• On June 4, members of the United University Professors union, which represents some 35,000 professors and staff at the State University of New York, approved a new labor agreement retroactive to June 2011. The five-year agreement preserves existing salaries through 2013 and provides 2 percent salary increases in both 2014 and 2015. The agreement also requires that union-represented employees take nine days without pay during the next two years. The workers will be repaid seven days of this lost pay when the contract expires. Finally, the agreement requires employees to increase their health care contributions. Workers that earn less than $40,137 annually will see 2 percent increases for individual and family coverage. Workers that earn more than $40,137 will see 6 percent increases for individual and family coverage.
  • On June 6, Alaska Airlines reached a tentative agreement with the Air Line Pilots Association over a deal that would cover the airline’s 1,480 pilots. If ratified, the five-year agreement would increase wages, strengthen job security, and improve benefits. The parties are keeping details of the agreement confidential until after the employee vote concludes. Voting started June 14 and continues through mid-July.
  • United Food and Commercial Workers Local 700 members approved a four-year labor contract with grocery seller Kroger Co., covering approximately 5,800 employees at 61 store locations in Indiana. The new contract, which is retroactive to May 2012, provides $500 to $1000 lump sum ratification bonuses, $0.30 per hour wage increase in 2013, $0.25 per hour wage increase in 2014, and $0.30 per hour wage increase in 2015. The contract further provides that employee contributions for health care coverage will be fixed between $5 and $15 a week starting in 2014.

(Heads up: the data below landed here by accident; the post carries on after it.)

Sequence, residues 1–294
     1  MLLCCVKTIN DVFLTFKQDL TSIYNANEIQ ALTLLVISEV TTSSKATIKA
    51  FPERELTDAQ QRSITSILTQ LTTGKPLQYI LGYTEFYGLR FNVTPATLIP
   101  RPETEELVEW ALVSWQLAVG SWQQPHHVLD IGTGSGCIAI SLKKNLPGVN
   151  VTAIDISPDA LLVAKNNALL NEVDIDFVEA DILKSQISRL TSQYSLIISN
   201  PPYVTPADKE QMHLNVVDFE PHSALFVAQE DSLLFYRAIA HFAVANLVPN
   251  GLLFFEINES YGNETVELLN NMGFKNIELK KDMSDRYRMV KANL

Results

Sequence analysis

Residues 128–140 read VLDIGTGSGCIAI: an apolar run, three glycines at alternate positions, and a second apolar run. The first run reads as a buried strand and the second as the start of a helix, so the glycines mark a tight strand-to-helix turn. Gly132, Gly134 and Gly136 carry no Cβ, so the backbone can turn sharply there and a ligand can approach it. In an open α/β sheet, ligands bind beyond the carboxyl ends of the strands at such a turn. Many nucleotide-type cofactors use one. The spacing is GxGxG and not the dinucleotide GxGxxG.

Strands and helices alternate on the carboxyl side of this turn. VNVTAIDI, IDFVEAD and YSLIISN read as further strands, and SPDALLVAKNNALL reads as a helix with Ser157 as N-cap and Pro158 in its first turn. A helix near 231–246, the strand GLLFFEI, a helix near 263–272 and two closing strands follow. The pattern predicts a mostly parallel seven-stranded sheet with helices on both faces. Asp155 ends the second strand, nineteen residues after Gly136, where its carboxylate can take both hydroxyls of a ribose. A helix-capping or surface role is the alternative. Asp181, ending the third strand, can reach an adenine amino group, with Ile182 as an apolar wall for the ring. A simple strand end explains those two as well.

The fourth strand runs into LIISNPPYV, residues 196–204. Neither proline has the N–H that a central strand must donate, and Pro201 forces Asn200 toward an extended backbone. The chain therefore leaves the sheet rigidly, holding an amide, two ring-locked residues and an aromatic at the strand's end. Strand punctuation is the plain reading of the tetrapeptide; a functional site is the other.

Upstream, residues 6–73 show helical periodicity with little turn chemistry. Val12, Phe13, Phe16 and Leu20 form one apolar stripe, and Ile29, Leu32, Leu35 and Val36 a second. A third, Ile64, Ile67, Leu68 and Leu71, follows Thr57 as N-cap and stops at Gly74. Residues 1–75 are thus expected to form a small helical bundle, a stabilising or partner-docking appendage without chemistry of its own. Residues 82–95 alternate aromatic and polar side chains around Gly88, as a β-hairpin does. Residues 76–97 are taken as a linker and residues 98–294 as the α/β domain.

• According to union representatives, Patriot Coal Corp. walked out of bargaining with the United Mine Workers of America and canceled further negotiations slated for the week of June 10. The parties began negotiating after a bankruptcy judge ruled last May that Patriot Coal can alter benefits for existing retirees and cut off health care benefits for current employees. The bankruptcy judge approved certain changes to the employee and retiree benefits in the May ruling. The union will soon vote on whether to accept these approved changes. If the union rejects the changes, the company is expected to unilaterally implement them.